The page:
Album Tracking: The First Two Weeks

Recording is a strange process. Most typically, musicians will spend weeks on pre-production (the process of writing, arranging and generally preparing songs for the recording studio) trying to perfect their material. They will pore over potential equipment, calling in favours to borrow a friend’s slightly larger bass drum for that bigger sound that they might need. They will often take every bit of money that they have – whether acquired from funding, gigs or emptying the piggy bank – and pour it into booking a recording studio for whatever time they have between their full-time day jobs and other responsibilities. Given the above constraints, they pile into the studio with their limited time and resources, try to relax and nail the perfect take. Fuck.

Gorgeous view of Auckland from the studio kitchen window, i.e. our main contact point with the outside world for two weeks.

We are extremely lucky that we were in a position over mid-January to take some time off from our day jobs, call in favours all around New Zealand for equipment hire and have enough money from our busy tour schedule to afford to record for the initial two weeks. We are also incredibly privileged to get to work with an extremely skilled producer, Ben Malone – a full-time music producer who we first worked with on our debut EP ‘Black Diamond’ and subsequent one-off single I Don’t Care.

Tracking guide keyboards from the corner fortress.

We made ourselves comfortable at Big Pop Studios in the sunny, gentrified hipster suburb of Kingsland. (Incidentally, I (Tim) have done some transcription work for Big Pop in the past and my brother is employed as a full-time audio engineer with these guys – there’s a great example of the closeness of the links of the New Zealand music industry for ya.) Much to my delight, the studio had multiple beeeeautiful old synthesizers (photos attached) that I had to force myself to not get distracted by, particularly as we were primarily there to track drum parts. Therefore, I’ve set up my own keyboard fortress in the corner of the control room to track guide parts along with H’s drumming. If anybody wants to know (and I strongly doubt that as this is keyboard equipment that we’re talking about) I am running my trusty stage equipment – the Korg SV1, Moog Sub Phatty and Yamaha Reface CS. H set himself up in the adjacent room with multiple drum kits (provided by Scotty’s Drum Hire in Auckland) – I have no idea how drum equipment works so I’m not going to embarrass myself but trying to describe what he was using.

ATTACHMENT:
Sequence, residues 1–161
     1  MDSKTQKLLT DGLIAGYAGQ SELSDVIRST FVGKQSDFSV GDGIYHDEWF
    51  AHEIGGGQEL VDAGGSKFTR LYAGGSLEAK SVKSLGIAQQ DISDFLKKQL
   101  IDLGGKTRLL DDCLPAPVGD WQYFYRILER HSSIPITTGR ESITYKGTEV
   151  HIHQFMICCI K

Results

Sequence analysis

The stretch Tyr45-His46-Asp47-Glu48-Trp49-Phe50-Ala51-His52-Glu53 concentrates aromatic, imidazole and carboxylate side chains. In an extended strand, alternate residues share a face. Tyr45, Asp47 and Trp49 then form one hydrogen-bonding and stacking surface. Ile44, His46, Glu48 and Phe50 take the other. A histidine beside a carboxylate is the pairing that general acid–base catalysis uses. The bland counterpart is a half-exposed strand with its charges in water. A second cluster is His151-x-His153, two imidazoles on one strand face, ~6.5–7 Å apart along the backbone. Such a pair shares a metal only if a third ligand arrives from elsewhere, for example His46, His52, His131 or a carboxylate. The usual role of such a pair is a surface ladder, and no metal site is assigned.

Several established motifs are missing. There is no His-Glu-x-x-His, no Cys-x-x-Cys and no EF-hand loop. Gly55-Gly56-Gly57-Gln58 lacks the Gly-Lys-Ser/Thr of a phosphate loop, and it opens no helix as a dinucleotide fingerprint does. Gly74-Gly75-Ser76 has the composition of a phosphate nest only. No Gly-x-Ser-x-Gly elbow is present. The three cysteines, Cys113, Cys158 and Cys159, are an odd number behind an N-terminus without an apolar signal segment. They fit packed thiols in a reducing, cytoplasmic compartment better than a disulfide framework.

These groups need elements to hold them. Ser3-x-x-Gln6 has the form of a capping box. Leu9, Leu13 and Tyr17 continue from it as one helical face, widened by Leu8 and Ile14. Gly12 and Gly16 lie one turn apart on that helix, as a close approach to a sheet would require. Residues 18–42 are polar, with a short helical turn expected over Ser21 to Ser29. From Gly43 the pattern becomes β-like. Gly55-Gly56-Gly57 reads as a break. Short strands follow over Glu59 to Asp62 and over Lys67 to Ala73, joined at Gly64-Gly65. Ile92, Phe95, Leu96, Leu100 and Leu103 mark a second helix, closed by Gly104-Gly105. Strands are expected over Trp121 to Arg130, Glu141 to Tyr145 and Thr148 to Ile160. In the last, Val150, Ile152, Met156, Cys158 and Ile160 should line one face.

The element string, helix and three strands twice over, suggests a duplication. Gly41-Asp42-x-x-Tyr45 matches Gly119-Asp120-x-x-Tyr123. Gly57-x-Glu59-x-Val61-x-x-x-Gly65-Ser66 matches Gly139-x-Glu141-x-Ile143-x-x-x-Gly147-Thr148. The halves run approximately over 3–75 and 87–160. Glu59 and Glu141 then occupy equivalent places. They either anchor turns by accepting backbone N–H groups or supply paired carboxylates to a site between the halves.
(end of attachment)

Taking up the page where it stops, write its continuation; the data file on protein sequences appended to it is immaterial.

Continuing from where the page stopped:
Some beautiful keyboards and synthesizers that I had to stop myself from being distracted by during the drum recording process.

I may be going out on a limb here, but I imagine that people who haven’t experienced working in a recording studio before have a very different vision of how it works than musicians, engineers and producers do. In the mind of the general public (and I can verify this with anecdotal evidence collected from many conversations with people at gigs), musicians enter the studio and proceed to flawlessly play together (in one – maaaaybe two – takes) their songs in the exact form and order that they appear on the album. Let me quash this right now – this imagined scenario could not be further from the truth. The reality is that most time in the studio is spent doing very lengthy soundchecks (hours!), followed by gradual tracking of each part for each song individually, usually with the aid of guide tracks which may or may not need to be arranged/recorded earlier. And if you were expecting witty, caustic rockstar banter in the studio, guess again – this usually consists of the producer or engineer saying “that was great, but can we try it with 16th hi-hats instead of 8ths?” and similar responses over and over until tracking is finished. In a nutshell – it’s hard work.

Me taking a photo of H taking a photo of Ben adjusting the kick drum mic.

Having written the above, magic moments do happen. Within the album production so far, we have often gone off-schedule to the point whereby half of the songs we’ve recorded were written based on throwaway ideas developed in the studio. At the end of the first two weeks of recording, averaging 16 hours of work each day, we have 27 songs with drums and 15 songs with full instrumentation awaiting vocals. This means that we are probably going to be releasing a 15-track album sometime this year…

I also got to record on this lovely Yamaha upright piano while H recorded the drums.

To sign off, we are – SO – FUCKING – EXCITED – to show these songs to the world, but there’s a LOT of work to be done in the meantime. We’ll also need some time to recover from our initial stint in the studio… We’ll keep you updated as the recording process progresses. Keep informed of our goings-on on this page, by signing up to our mailing list here, following us on our socials (links below) or at our website at www.dillastrate.com. Yeyeyeyeye.

Cool guyz – Ben Malone (left), Henare “H” Kaa (right)

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